If You Want To Trust Your Gut More, You NEED To Do These 5 Things

Instincts aren’t easy.

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Few things are worse than realizing, after enduring a terrible experience, that you could’ve avoided the whole mess if you had just listened to your gut.


Why did I trust that guy? Why did I buy that car… accept that job… move to Alaska?

We all have innate instincts that try to point us in the right directions, but, too often, we second-guess or ignore those instincts out of fear or insecurity. We talk ourselves out of the power of our gut feelings.

We try to rationalize them away and yet they’re always there, trying to grab our attention from the backs of our brains, trying to let us know that we already KNOW what we should be doing — if only we’d listen.

But how can we learn to start trusting our guts more? How can we start embracing our intuition rather than ignoring them?


Senior VP of YourTango Experts Melanie Gorman recently hosted a panel of our Experts — Clara Wisner, T-Ann Pierce, Kathryn Foster, and Helen Fisher — and asked them how people can start paying attention to what their gut feelings are telling them.

You can watch their full comments in the video above, but, taken from their discussion, here are 5 steps that you NEED to take if you want to start actually listening to your instincts and trusting your gut for a change.

1. Practice



Sounds simple, but it’s really not. If you want to train yourself to listen to your instincts more, you have to try it out occasionally. Let yourself embrace your gut feelings when the moment takes you. Maybe test it out on a low-stakes situation and gradually move onwards.

See how it feels. Make a decision that feels impulsive and see how it feels different than a decision you make after days of analysis and overthinking. If you want to trust your instincts, you have to use them in real world situations first and see what happens.

2. LITERALLY listen to your gut




Did you know that you actually have a whole other brain in your gut? It’s true. It’s called the enteric nervous system (ENS), which is completely separate from the nervous system that’s controlled by your brain. It produces neurotransmitters, it has memories and instincts, it can function completely on its own.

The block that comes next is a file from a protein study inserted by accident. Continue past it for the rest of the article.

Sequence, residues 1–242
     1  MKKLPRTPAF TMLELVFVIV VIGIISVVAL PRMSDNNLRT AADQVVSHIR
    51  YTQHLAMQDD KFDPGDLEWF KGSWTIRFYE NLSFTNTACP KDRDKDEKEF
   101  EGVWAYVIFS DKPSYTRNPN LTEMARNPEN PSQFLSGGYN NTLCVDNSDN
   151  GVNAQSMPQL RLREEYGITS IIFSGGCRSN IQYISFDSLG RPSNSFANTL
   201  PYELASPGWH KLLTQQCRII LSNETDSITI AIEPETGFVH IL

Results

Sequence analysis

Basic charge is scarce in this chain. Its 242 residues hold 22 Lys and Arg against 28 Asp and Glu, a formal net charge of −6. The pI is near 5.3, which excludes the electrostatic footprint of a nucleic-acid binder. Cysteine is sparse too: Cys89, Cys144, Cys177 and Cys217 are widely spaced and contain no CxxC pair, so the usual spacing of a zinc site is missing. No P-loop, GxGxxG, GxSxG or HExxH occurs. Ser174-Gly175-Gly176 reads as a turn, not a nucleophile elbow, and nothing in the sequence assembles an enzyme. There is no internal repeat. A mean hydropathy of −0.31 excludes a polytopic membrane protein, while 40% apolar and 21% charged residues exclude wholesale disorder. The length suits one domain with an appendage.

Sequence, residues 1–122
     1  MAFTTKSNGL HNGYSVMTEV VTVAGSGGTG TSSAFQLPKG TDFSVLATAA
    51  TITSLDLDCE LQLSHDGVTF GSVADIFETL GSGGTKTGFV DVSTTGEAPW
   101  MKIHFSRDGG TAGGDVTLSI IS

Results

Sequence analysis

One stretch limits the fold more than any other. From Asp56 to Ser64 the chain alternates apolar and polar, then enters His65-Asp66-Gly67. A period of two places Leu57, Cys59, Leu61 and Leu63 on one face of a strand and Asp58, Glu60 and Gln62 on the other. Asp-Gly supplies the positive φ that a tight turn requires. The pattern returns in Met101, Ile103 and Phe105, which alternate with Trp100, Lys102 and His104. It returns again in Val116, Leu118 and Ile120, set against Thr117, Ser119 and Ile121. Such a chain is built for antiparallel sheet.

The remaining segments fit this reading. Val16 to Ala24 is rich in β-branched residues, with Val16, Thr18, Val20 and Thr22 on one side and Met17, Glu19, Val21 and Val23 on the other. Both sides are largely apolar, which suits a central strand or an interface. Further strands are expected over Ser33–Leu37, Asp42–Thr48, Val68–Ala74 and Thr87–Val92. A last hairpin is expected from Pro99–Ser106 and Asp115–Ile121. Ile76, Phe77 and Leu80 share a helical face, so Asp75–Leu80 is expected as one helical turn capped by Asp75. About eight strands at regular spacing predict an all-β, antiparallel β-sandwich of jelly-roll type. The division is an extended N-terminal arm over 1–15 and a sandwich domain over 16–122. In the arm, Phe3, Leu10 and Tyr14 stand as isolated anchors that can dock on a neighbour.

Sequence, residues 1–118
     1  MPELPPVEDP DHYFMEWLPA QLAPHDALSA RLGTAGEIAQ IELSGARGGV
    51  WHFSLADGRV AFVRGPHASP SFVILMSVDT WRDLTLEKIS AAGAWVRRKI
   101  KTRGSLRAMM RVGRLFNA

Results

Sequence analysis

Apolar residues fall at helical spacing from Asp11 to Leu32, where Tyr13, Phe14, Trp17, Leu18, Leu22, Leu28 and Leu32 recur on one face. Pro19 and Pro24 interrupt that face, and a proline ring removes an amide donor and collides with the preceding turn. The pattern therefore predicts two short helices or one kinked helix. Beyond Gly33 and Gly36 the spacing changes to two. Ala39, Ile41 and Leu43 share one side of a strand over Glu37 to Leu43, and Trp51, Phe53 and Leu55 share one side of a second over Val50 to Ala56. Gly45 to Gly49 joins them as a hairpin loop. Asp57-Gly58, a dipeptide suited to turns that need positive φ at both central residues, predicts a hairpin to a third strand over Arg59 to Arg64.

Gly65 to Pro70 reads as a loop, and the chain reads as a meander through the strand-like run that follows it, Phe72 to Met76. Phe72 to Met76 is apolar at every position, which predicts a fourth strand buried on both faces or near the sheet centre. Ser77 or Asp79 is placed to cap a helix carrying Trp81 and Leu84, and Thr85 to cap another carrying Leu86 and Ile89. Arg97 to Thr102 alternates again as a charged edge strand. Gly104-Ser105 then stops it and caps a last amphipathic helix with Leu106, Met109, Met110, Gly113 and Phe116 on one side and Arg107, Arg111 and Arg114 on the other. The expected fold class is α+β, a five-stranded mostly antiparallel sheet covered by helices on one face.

Perhaps that’s where the phrase “gut feeling” comes from, because human beings do carry an innate intelligence in our stomachs. The ENS can react and remember things, just like our brains do. So, when you feel a tightness in your stomach when faced with a big decision, that’s not just the Kung Pao Chicken you had for lunch. That’s your ENS trying to tell you something. The decision is up to you whether you listen or not.

3.  Learn to become comfortable with just “knowing”




One of the hardest parts about listening to your instincts is simply opening yourself up to the experience. Because instinct offers us a much different mental experience than our usual decision-making process.

Normally, we make decisions by constructing mental arguments. We compare and contrast, we analyze. But, when it comes to instinct, it’s not about arguing, it’s about KNOWING. You just KNOW the answer. And your brain doesn’t always show the work, which can make it hard to trust. But if you open yourself up to the experience, you realize that innate knowing has just as much (if not more value) than any other mental rhetoric you might construct.


4. Believe in your brain


There is actual hard science that can explain how instinct works. Noted psychologist Daniel Kahneman actually won the 2002 Nobel Price for economics for his work on “prospect” theory, which is all about the physiology of how people make decisions when faced with risky situations. This is important to understand because, too often, we try to portray instinct as something ephemeral. We say “I just had a feeling” and that makes it easier to ignore.


But gut feelings aren’t emotions. They’re neurological responses to stimulus. When we have a gut feeling, our brain connects seemingly random chunks of memories and data to make patterns visible to us on an instinctive level. Our brains tell us — very very quickly — how to respond to something. And we need to trust it.

5. Accept that facts aren’t everything



We live in an age of too much information. You search for something on Google and get 10 million results. You want to find a recipe and Pinterest, Twitter, and Instagram hit you over the head with a billion examples. How do we ever have time to process all that data?

The answer is — we don’t.  This is why gut feelings are so important. Because you can’t always make decisions solely based on hard data. There’s just too much, too many variables. There comes a moment where you need to let all of the information wash over you and let your instincts point you in the right direction. It’s just as valid (heck, it’s way more valid) than basing your decision on some blog article you found via Wikipedia through the third page of Google search results. Trust yourself as a source too.

If you’re struggling with listening to your gut — or if you’re afraid to trust your instincts — please visit the websites of our Experts and contact T-Ann, Kathryn, Clara, and Helen directly. They’re here to help.